process. Orders 98-4-21 and 99-3-12. This DOT decisional standard

is compelling in this case.   In ranking the size of markets which

lack nonstop O'Hare service, the Charleston and Mobile markets rank

number one and seven, respectively.     Combined with their realistic

catchment areas Charleston/Myrtle Beach and Mobile/Pensacola, they

rank one and two.   Huntsville ranks twelfth and Baton Rouge ranks

seventeenth.2/   This simple ranking is all the analytical analysis

the Department need accomplish in order to make the required public

benefit determinations.

     By this critical measure, Charleston and Mobile are better

candidates for selection than Baton Rouge and Huntsville thereby

        The only way Baton Rouge could catapult itself into
fifth place was by including traffic from Alexandria (140 miles
away), Lake Charles (132 miles away) and Lafayette (60 miles
away) to make up the Baton Rouge catchment area. Baton Rouge is
only 91 miles from New Orleans, which, using this logic, must be
within the New Orleans catchment area. Since there are six daily
large jet flights between New Orleans and Chicago, Baton Rouge
would not appear to be as deserving of O'Hare exemption slots as
larger communities since it falls within the New Orleans service
area. ACA makes this point not to argue Baton Rouge does not
deserve access to Chicago, but rather to question the relative
merits of the Baton Rouge application.

giving the DOT confidence ACA will sustain, both economically and

operationally, its proposed O'Hare service.              See Order 98-4-21.

The DOT can draw this conclusion even if American Eagle did not

have    a   history   of   withdrawing   from   O'Hare    markets    which    it

represented it could profitably serve if the DOT made exemption

slots available for this purpose.

       There is simply no question that ACA has a stronger commitment

to serving Charleston and Mobile than American Eagle's commitment

to Baton Rouge and Huntsville.          With ACA's growing base at O'Hare

it is establishing itself as willing to offer popular regional jet

service to smaller communities which seek access to United's large

domestic and international route network.              Indeed, ACA forecasts

that it will transport over 72,000 Charleston passengers and over

46,000 Mobile passengers in the first full year of regional jet

service and both services will produce a segment operating profit.3/

Neither Baton Rouge nor Huntsville has entered into the record a

traffic     or   financial   forecast    raising   a    question    about    the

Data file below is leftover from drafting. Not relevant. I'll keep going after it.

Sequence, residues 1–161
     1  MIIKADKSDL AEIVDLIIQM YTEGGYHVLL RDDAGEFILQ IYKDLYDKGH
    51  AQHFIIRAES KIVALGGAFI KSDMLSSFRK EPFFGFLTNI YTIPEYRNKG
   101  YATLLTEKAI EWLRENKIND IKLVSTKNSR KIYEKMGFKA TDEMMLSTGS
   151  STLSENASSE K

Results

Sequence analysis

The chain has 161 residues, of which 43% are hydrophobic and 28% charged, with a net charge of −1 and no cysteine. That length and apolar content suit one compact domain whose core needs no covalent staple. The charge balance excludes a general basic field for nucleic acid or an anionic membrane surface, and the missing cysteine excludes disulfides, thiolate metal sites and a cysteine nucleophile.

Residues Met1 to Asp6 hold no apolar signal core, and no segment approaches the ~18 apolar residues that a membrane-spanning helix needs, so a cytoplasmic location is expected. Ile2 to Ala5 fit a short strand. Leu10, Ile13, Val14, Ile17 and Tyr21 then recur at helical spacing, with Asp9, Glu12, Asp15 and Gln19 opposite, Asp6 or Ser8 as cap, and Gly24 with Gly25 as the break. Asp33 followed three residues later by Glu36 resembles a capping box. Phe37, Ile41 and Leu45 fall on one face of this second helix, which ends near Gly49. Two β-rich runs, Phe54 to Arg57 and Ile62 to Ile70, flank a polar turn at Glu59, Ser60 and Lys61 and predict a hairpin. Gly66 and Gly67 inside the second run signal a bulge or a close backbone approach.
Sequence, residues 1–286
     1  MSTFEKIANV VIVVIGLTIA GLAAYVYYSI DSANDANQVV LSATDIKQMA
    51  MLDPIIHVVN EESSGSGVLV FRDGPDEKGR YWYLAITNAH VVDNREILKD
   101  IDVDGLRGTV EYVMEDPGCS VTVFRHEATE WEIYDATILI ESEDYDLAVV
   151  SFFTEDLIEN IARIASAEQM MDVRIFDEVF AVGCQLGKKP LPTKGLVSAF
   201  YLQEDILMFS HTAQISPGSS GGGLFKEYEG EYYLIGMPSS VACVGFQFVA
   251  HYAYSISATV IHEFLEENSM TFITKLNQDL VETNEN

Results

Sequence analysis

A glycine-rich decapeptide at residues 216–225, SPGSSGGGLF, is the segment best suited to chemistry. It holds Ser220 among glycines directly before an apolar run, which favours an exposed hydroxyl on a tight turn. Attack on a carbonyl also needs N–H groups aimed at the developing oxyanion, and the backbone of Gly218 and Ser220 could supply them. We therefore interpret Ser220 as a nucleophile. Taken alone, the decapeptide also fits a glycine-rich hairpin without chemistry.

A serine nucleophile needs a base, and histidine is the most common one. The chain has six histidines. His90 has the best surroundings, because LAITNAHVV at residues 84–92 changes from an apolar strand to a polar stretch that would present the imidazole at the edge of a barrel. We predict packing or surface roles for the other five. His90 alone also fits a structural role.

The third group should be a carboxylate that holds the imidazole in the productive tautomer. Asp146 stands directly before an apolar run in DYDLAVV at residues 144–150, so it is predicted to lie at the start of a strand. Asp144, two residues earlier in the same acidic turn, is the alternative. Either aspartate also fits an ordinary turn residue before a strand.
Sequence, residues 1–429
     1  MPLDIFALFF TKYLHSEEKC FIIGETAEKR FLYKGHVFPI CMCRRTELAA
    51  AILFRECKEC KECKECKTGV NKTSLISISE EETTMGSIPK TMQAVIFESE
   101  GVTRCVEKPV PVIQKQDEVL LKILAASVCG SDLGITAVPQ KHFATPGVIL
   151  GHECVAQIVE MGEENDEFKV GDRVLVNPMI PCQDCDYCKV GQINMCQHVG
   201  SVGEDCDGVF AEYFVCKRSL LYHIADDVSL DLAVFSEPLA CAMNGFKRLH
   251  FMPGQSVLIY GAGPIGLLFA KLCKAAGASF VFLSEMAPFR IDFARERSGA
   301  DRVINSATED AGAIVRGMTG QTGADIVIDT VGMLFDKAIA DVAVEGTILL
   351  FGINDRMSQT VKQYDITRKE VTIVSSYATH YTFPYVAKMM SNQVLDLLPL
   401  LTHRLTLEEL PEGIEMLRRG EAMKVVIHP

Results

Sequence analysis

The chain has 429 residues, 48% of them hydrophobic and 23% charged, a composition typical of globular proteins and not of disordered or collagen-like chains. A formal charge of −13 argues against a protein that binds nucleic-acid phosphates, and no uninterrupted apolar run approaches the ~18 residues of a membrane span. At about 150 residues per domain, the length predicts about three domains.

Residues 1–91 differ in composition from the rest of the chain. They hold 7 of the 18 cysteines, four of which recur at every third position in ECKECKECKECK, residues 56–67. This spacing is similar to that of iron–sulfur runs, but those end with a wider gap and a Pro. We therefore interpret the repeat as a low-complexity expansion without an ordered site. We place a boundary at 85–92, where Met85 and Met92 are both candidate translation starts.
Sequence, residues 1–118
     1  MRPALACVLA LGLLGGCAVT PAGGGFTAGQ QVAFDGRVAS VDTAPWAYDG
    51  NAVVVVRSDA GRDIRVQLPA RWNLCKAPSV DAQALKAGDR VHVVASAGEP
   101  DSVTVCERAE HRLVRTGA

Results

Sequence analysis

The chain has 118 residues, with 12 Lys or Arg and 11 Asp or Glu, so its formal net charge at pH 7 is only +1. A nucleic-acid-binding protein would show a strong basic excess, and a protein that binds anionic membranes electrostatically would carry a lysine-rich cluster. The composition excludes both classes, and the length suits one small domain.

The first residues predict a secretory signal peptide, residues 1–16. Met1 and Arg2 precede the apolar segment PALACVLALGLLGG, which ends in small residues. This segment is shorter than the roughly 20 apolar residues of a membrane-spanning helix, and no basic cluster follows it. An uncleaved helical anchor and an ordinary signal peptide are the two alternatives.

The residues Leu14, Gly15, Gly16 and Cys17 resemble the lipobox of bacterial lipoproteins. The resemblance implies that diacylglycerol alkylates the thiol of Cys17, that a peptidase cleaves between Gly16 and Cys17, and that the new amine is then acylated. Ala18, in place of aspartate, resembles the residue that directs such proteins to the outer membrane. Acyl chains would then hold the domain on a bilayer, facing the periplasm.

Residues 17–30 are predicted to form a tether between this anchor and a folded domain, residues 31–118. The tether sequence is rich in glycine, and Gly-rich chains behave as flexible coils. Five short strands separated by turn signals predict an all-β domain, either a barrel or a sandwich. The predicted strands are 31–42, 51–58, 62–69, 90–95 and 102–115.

potential for their markets.4/      The last thing the DOT should do is

        ACA has forecast Charleston will earn a segment
operating profit of over $1.3 millon on an annual basis. The
comparable result for Mobile is forecast at over $885,000.
        It is instructive to note that American Eagle declined
to provide the Department any forecast of its results for service
to Shreveport or Montgomery when it applied to serve these
markets. See Order 98-4-21, page 16, footnote 9 and Application
of Simmons Airlines d/b/a American Eagle, October 9, 1997, Docket
OST-97-2985. The DOT should be cautious in making additional
slots available to American Eagle in the absence of such basic

award slots to communities to be used by American Eagle if it is

not certain of the financial viability of the markets thereby

possibly leading to a similar display of a start-up and quick

termination of O'Hare service using exemption slots.         ACA's O'Hare

traffic and financial forecast have proven to be conservative and

the DOT can and should rely upon them for making its carrier

selection decision.

III. Conclusion

     ACA regrets that not all communities deserving nonstop O'Hare

service can obtain it.     However, there are two principal barriers

to such service -- the High Density Airport Rule and the economics

of the individual routes.        The DOT's slot exemption policy can

overcome the first barrier.          In the case of Baton Rouge and

Huntsville, while both may be under served cities, neither fits the

profile of   a    community   the   DOT   generally   considers   the   best

candidates for nonstop O'Hare service.        Further, the record lacks

any data to permit the Department to conclude that Baton Rouge and

Huntsville service can be sustained. Certainly the track record of

American Eagle is poor and lacks the kind of commitment to small

community-O'Hare service as demonstrated by ACA.

     WHEREFORE, for the reasons set forth above, Atlantic Coast

Airlines urges the Department to deny the applications of Baton

Rouge and Huntsville for O'Hare slots exemptions.

                              Very truly yours,

                              BAGILEO, SILVERBERG & GOLDMAN, L.L.P.

                        Attorneys for
                        ATLANTIC COAST AIRLINES

                              Robert P. Silverberg

Dated: April 27, 1999